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style="background: #F8EABA; text-align: center;" colspan="2" | Identifiers
CAS number 546141-08-6
PubChem 1383884
style="background: #F8EABA; text-align: center;" colspan="2" | Properties
Molecular formula C20H22N2O3
Molar mass 338.4 g/mol
Except where noted otherwise, data are given for materials in their standard state (at 25 °C, 100 kPa)
Infobox references

URB597 is a relatively selective inhibitor of the enzyme fatty acid amide hydrolase (FAAH).[1][2] FAAH is the primary degradatory enzyme for the endocannabinoid anandamide and, as such, inhibition of FAAH leads to an accumulation of anandamide in the CNS and periphery where it activates cannabinoid receptors. In pre-clinical laboratory tests researchers found URB597 increased the production of endocannabinoids resulting in measurable antidepressant and analgesic effects.[3]

URB597 is also known as KDS-4103. KDS-4103 is being developed by Kadmus Pharmaceuticals, Inc. for clinical trials in humans. Kadmus claims, on their website (linked below) that this class of compounds may have antidepressant, anti-anxiety, and pain-killing effects.

External links


  1. Mor, Marco; Rivara, S; Lodola, A; Plazzi, PV; Tarzia, G; Duranti, A; Tontini, A; Piersanti, G; Kathuria, S. "Cyclohexylcarbamic acid 3'- or 4'-substituted biphenyl-3-yl esters as fatty acid amide hydrolase inhibitors: synthesis, quantitative structure-activity relationships, and molecular modeling studies". J Med Chem. 47 (21): 4998. doi:10.1021/jm031140x. PMID 15456244.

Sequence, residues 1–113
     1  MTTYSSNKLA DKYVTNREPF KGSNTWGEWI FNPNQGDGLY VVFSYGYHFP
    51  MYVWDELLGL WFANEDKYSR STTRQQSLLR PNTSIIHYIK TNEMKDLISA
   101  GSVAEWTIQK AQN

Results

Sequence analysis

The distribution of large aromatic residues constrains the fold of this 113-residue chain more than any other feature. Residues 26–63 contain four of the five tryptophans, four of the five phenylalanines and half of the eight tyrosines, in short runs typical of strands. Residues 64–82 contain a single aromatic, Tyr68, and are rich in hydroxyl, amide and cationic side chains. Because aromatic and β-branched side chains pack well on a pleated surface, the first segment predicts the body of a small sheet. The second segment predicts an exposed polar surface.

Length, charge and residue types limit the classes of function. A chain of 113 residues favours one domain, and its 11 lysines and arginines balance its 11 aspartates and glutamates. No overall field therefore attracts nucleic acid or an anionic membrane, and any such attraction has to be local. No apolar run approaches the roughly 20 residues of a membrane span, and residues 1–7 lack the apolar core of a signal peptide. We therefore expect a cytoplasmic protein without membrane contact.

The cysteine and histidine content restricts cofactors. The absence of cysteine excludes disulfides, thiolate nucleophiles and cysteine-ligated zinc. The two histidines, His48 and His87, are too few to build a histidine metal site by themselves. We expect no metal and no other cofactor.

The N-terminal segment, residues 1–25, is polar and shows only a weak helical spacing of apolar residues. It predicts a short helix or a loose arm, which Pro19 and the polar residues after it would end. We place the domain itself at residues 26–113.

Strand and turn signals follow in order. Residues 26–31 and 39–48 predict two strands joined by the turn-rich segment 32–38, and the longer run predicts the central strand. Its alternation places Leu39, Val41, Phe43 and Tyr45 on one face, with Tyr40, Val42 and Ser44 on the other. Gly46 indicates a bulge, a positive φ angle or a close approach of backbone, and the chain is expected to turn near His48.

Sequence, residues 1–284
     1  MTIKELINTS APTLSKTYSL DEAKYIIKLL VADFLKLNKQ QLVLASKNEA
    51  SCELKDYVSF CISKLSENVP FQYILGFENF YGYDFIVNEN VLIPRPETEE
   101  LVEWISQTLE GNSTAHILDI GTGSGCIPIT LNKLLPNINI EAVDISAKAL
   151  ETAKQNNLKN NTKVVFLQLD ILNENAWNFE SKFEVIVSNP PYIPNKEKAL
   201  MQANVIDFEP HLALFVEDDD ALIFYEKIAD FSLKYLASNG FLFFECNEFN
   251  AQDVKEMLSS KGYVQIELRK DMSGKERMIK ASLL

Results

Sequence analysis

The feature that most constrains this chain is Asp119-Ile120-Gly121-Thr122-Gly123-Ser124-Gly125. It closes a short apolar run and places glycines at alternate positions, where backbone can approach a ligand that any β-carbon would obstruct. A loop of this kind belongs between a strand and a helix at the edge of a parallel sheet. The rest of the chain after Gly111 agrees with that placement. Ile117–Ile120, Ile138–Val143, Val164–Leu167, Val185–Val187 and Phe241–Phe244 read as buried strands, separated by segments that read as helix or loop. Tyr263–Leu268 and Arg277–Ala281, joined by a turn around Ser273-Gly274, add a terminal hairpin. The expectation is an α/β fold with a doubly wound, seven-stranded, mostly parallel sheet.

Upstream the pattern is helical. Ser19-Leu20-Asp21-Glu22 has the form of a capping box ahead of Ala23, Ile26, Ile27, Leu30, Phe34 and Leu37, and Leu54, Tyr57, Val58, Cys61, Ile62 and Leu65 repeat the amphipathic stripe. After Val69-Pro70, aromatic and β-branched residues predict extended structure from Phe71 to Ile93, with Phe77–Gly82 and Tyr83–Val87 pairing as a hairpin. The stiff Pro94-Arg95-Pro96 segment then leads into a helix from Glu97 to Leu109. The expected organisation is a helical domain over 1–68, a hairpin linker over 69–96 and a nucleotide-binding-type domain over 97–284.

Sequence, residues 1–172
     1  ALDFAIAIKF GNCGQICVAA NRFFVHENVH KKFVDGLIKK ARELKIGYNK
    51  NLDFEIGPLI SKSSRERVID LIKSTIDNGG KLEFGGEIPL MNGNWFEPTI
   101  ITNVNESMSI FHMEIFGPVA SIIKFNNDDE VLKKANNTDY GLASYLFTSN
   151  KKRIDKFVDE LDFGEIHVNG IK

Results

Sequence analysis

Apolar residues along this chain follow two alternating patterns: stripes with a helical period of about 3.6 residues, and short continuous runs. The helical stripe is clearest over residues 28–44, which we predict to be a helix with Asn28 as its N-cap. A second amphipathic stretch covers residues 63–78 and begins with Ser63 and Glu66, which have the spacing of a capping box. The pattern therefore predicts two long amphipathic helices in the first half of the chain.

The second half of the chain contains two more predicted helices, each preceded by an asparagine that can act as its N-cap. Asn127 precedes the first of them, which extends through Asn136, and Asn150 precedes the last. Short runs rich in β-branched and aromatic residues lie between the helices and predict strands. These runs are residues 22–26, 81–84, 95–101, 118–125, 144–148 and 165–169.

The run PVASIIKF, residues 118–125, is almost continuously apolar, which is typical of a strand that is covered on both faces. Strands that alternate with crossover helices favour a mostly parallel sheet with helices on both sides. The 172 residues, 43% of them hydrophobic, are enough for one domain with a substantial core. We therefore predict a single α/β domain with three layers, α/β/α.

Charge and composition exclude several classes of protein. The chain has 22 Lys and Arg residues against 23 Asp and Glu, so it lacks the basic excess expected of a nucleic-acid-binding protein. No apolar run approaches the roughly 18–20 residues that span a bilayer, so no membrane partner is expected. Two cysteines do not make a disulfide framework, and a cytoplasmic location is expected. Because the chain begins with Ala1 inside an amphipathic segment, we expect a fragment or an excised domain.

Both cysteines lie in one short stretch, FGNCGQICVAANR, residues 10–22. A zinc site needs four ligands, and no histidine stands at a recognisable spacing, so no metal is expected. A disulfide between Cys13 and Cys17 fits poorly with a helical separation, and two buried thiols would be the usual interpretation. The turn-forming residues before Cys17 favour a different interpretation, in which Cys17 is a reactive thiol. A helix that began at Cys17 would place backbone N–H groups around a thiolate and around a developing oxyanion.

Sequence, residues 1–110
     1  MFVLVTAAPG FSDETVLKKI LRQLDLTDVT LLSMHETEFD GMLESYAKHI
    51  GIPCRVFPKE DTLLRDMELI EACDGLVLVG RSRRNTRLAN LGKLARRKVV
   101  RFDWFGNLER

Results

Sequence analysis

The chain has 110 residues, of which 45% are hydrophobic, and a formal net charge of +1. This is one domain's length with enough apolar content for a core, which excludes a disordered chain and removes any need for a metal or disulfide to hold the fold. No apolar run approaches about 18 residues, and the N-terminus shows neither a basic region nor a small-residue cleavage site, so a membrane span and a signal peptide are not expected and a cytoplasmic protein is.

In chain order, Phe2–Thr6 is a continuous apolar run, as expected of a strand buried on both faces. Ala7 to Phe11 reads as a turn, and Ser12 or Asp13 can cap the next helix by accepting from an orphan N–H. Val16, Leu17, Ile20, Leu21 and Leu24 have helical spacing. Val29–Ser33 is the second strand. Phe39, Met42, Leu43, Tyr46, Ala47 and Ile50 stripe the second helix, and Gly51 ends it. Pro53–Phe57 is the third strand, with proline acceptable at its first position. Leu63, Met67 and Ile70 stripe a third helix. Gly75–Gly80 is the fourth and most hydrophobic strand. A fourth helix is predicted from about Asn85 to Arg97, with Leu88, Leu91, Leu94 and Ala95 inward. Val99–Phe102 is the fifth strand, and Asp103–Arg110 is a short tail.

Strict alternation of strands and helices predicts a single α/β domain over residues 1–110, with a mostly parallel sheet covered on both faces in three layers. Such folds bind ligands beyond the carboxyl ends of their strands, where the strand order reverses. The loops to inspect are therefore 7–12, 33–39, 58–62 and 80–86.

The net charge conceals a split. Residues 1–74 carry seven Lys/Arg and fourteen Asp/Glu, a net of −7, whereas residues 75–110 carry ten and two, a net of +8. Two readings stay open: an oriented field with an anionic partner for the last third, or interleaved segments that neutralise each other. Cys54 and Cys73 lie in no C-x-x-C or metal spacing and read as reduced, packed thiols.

2. Alexander, JP; Cravatt, BF. "Mechanism of carbamate inactivation of FAAH: implications for the design of covalent inhibitors and in vivo functional probes for enzymes". Chem Biol. 12 (11): 1179–87. doi:10.1016/j.chembiol.2005.08.011. PMC 1994809Freely accessible. PMID 16298297. 
  3. Russo, R; Loverme, J; La Rana, G; Compton, TR; Parrott, J; Duranti, A; Tontini, A; Mor, M; Tarzia, G. "The fatty-acid amide hydrolase inhibitor URB597 (cyclohexyl carbamic acid 3'-carbamoyl-biphenyl-3-yl ester) reduces neuropathic pain after oral administration in mice". J Pharmacol Exp Ther. 322 (1): 236–42. doi:10.1124/jpet.107.119941. PMID 17412883.